Electronics > Beginners

Use an induction cooking element to solder a TV backlight LED bead on a strip?

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t1d:
I see lots of DIY induction forge circuits, but I am wondering if I can use a cabinet top single element induction cooker and solder paste to reflow on a single new LED bead. Seems like that would get around massively heating the aluminum heat sink strip. I am thinking that the only thing that would heat would be the solder.

I have lots of other equipment, skills and techniques, but I am wondering about this one, particularly. So, there's no need to cover other methods. I also understand the hazards of having leaded solder paste around cooking equipment.

Thoughts and suggestions, please and thank you.

Berni:
It is a bad idea because it is difficult to control the amount of heating and the heating will not be evenly distributed over the board.

Induction heaters work by well... induction. So since you need a loop area to have induced current this means that the most current flows close to the edge of the object you are inductively heating since that is where the loop area is the largest. You can see this for yourself if you put a small thin metal plate on a induction cooker, the rim of the plate will get smoking hot and perhaps even glow, while the middle does nothing.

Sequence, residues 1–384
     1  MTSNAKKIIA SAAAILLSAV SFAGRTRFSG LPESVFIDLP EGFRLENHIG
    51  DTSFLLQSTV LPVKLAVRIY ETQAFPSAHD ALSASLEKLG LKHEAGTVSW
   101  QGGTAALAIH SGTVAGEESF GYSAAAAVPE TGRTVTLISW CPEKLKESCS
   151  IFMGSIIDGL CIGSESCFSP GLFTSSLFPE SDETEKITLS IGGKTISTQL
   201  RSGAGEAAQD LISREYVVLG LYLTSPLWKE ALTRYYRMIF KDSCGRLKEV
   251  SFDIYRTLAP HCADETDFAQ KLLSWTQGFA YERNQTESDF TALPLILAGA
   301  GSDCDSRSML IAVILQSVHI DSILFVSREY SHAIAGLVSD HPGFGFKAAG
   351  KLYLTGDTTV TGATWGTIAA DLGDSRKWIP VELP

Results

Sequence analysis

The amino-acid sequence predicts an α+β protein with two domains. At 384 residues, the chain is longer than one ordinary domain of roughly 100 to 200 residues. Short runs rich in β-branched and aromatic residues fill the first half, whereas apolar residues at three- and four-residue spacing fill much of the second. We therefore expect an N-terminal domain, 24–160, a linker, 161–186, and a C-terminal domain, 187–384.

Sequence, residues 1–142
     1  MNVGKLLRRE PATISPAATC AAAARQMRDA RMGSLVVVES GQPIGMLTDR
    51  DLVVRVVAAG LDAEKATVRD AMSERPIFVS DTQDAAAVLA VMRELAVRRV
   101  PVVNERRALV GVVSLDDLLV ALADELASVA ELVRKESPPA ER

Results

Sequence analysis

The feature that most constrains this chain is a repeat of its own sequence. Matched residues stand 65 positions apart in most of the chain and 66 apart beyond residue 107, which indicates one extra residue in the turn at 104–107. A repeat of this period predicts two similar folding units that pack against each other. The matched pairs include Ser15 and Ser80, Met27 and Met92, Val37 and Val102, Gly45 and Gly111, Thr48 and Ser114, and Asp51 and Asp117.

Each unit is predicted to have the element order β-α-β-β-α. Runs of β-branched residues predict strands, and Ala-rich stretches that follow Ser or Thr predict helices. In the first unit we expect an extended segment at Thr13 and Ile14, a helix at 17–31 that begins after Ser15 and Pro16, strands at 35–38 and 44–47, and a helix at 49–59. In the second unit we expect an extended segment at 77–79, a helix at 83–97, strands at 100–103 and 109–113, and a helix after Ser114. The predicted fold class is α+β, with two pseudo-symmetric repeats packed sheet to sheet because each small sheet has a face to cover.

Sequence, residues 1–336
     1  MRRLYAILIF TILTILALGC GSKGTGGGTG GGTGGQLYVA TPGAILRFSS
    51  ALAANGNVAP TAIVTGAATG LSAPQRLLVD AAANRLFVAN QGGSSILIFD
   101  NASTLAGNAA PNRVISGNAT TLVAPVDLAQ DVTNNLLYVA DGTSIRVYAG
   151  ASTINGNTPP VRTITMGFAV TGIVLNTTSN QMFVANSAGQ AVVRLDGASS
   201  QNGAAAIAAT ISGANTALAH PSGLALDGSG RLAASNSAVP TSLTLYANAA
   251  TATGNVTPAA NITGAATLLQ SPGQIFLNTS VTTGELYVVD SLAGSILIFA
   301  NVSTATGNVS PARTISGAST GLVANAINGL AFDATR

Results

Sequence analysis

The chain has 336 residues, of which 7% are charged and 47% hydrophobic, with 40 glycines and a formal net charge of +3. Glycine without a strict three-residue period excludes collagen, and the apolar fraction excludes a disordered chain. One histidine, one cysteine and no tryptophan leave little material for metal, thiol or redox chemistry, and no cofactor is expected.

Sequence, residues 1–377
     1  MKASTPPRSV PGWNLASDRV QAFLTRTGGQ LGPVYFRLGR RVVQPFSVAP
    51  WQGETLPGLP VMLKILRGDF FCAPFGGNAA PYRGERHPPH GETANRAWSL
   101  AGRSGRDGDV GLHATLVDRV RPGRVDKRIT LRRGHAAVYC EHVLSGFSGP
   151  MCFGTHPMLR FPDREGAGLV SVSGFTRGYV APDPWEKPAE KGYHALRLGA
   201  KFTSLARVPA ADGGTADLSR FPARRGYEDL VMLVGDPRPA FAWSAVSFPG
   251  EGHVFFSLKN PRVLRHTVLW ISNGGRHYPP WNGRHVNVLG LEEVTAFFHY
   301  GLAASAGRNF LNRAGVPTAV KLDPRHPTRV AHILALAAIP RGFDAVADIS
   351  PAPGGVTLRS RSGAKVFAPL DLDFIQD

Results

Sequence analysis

If an induction cooker is all you have then i would recommend placing a thick metal plate on top of the cooker and then placing your board on top of that. This turns it into a good ol electric hot plate that does work well for reflowing boards.

perieanuo:
short answer, no

Caliaxy:

--- Quote from: t1d on October 13, 2021, 06:07:13 am ---I am thinking that the only thing that would heat would be the solder.

--- End quote ---
Is your solder magnetic?

Jwillis:
Induction only heats magnetic metals . Typically ferrous metals like iron , steel , and nickel steel alloys . Tin , Silver and Lead are not magnetic .

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